Where did the money go?

The simplest explanation is to suggest that the money vanished into thin air or in reality never existed. Unlike your socks, which are probably somewhere in your house, the $50 you lost cannot be tangibly found in your sale transaction. Likewise when the stock fell from $150 to $100, the $50 in implied value lost cannot be assigned either.

The factors causing a stock price to rise and fall are largely based on investor perception, which might be based on revenues and earnings forecasts. These numerical calculations fall into the realm of “logical” perceptions and efficient markets. There is also another large component at work and that is investor emotion. Investors herd. This is a very natural human instinct that causes people to follow others if for no other reason than to be part of the crowd.

These investor perceptions, whether logically or emotionally based, create the implied value noted in our example. This is the interesting thing about money. On the one hand, money defines these implied values that are driven by investor perceptions. At the same time, money defines the very explicit values of the groceries we buy at the store (brand premiums aside). The price of eggs, butter, and milk, for example, are not as influenced by an implied value component. In large part, the price of these goods remains fairly steady. If for some reason, a group of people wanted to corner the market in butter, then the price of butter would reflect some implied value over which the price of butter should really be, or its explicit value.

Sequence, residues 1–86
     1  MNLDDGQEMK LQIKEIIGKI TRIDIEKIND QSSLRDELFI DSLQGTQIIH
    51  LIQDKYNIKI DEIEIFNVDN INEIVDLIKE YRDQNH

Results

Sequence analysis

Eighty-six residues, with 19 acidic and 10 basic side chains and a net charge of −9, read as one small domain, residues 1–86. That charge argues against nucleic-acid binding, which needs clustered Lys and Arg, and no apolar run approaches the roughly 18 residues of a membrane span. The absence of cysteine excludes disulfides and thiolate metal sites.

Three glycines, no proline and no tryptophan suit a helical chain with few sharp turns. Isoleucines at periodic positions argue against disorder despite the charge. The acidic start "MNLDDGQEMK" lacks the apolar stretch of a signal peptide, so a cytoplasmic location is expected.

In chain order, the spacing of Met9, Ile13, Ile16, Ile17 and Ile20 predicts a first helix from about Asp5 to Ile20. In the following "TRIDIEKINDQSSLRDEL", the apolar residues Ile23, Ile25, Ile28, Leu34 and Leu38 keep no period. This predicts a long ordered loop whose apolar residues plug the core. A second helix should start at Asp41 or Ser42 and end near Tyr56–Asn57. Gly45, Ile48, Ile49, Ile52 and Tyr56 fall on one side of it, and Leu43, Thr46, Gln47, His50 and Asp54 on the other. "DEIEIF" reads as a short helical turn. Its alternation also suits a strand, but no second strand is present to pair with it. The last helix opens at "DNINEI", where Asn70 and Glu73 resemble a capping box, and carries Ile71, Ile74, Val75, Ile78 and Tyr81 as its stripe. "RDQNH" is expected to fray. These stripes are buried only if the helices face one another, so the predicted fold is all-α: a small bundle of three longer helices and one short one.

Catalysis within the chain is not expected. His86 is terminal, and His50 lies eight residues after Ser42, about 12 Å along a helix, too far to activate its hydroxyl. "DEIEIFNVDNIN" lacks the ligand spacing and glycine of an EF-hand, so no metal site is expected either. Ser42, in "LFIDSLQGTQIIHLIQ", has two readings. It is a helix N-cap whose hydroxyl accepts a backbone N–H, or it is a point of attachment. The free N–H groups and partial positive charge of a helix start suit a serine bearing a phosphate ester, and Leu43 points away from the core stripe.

If we go back to our stock example, there is an explicit value assigned to a company’s shares. This value is known as the accounting value or book value. If a company takes all its assets and subtracts its liabilities, we have the book value of the company. Divide this figure by the number of shares outstanding and you get the book value per share or its explicit value.

Let’s suppose a company has 1 billion shares outstanding and its stock price drops from $100 to $99. That price drop translates into an implicit loss of $1 billion in market value for the company. That does not necessarily mean the company actually experienced an explicit loss of $1 billion. That company has many other assets that were likely unaffected by a $1/share implied value reduction.

Whatever your thoughts may be about the current market run since 2009, it is fair to say there is a great deal of implied value. If you were fortunate enough to buy near the bottom in 2009, you are sitting on a ton of implied value. If you held on through the market trough, you may have regained some of the implied value you lost along the way. If you are a recent entrant to the market, you have purchased something with a great amount of implied value.

Implied value is powerful. If an individual has a stock portfolio with a large amount of implied value, that person may be considered quite wealthy. The same goes for owners of a publicly traded company. That sort of wealth may compel creditors to loan them money. This has its own peril since the collateral is full of implied value. This can be the topic of another article.

The stock market is a great example of implied value. Once implied value become less important than explicit or intrinsic value, the game changes and selling occurs. At moments of great stress, the selling becomes a panic and prices fall (a bunch of disappearing money). In another case, the selling occurs gradually and the money disappears less quickly.

What the market giveth, the market can taketh! Your gains are never really yours until you sell and take the cash. Now, where the heck is my other sock?